Sussex County Virginia is broken

sun and moon stylizedSussex County, Virginia sits between Prince George and Surry, Southhampton, Isle of Wight Counties and is home to some famous landmarks, like the Virginia Diner, and plenty of stores selling peanuts.

It also is home to a county government that appears to be broken in profound ways. The administration is directionless, unorganized, and in violation of several FOIA laws.

Let’s start with the basics. In order to run a government, even one that is incompetent, there must be some basics, some rules. One of the first ones is that the citizens must be able to communicate with their government. In a modern world, that increasingly means email and websites. Sussex County has a website and email. It is the form that those necessities take when you look closer at the county as a whole where you discover problems.

Administration, Sheriff, two other departments, and the school division all have their own email systems and IT networks being maintained by separate contractors. This means that there is no central repository for county records like emails and performance logs for blocking software (prohibited web addresses), and the statutory curation and storage of these records for the purpose of meeting the Virginia Code. The code involved concerns the availability of the documents in a reasonable statutory time limit (5 working days) that can be extended in court.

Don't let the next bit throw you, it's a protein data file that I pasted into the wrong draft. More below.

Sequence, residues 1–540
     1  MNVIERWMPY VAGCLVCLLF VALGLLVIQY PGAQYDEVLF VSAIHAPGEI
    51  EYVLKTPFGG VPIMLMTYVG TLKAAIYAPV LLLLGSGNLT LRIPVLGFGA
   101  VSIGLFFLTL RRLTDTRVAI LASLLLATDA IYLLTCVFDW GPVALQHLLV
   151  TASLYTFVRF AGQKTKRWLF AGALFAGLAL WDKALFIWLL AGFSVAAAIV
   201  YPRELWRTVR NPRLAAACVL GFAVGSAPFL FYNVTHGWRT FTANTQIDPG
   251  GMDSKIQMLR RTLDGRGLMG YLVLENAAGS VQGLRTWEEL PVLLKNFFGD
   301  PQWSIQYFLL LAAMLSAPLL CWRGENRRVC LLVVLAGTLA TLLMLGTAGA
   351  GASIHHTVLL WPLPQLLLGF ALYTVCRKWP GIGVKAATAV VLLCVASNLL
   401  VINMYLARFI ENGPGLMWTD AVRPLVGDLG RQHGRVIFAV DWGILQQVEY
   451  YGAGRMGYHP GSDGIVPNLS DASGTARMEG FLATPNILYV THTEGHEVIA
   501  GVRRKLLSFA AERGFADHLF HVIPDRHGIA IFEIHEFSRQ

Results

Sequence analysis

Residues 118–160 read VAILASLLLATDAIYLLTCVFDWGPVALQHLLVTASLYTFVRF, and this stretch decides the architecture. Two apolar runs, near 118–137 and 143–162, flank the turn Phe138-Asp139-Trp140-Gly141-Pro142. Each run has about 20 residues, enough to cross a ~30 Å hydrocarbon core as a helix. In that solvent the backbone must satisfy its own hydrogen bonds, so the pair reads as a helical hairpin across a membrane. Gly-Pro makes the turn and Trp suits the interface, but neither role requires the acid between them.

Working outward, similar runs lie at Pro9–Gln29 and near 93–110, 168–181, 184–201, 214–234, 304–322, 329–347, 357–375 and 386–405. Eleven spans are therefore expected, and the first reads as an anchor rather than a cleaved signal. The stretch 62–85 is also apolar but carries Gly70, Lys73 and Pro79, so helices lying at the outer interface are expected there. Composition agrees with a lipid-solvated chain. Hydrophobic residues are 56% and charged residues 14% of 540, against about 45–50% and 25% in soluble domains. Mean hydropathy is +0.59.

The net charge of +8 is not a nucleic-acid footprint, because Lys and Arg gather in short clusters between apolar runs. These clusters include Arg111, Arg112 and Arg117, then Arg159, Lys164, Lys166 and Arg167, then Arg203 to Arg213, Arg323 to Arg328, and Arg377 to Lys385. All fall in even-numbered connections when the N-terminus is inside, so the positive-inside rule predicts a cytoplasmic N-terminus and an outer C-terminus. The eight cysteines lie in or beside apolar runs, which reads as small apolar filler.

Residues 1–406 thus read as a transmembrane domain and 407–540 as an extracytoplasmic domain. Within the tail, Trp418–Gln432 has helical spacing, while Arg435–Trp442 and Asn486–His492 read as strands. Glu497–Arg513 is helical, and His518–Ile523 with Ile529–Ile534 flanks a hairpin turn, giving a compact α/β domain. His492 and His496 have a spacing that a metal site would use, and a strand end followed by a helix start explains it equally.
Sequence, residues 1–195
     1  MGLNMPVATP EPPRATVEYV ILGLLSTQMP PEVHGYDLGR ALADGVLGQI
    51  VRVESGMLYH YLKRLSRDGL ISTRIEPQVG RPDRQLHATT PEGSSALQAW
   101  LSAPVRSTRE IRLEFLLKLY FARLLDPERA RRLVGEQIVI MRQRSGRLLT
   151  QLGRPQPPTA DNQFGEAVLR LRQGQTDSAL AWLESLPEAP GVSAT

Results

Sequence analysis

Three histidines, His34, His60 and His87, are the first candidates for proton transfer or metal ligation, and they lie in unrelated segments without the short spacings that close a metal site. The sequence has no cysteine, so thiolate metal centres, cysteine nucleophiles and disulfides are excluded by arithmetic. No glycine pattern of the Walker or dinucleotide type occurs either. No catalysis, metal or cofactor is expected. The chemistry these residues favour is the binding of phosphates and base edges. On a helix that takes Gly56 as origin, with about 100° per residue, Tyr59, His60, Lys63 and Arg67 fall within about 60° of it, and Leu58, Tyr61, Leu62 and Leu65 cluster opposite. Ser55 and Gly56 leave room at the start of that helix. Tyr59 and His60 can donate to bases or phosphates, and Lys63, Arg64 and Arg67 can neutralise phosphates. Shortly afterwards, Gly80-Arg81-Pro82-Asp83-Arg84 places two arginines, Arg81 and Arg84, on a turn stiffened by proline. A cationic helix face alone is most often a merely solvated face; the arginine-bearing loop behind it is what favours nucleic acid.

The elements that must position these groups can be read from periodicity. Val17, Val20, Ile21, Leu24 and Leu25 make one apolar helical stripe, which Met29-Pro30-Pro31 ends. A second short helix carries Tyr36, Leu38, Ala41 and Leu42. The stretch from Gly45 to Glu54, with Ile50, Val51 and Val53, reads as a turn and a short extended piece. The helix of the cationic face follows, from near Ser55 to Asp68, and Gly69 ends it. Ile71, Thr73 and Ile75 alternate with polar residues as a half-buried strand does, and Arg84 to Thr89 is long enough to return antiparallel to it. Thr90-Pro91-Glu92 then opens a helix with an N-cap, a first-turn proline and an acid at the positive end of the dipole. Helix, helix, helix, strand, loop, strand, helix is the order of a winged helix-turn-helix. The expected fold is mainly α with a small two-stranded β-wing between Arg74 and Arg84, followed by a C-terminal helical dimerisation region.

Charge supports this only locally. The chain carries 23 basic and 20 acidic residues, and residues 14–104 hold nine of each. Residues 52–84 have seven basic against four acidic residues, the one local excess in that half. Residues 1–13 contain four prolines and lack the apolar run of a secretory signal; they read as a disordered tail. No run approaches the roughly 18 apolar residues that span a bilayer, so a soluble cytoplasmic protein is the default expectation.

article graphic2Let’s say I want to ask a government body for records including emails from the administration, the Sheriff and the Building Inspector. In the current state of storage of these records the items would need to be gathered from 3 or 4 separate networks and email servers. The law provides for 5 working days, but I have sincere doubts that Sussex County could put their hands on any particular piece of information. Maybe not even in two weeks.

In a properly configured and maintained system, all the records for the entire county, except for the schools usually, are under one system and one system administrator.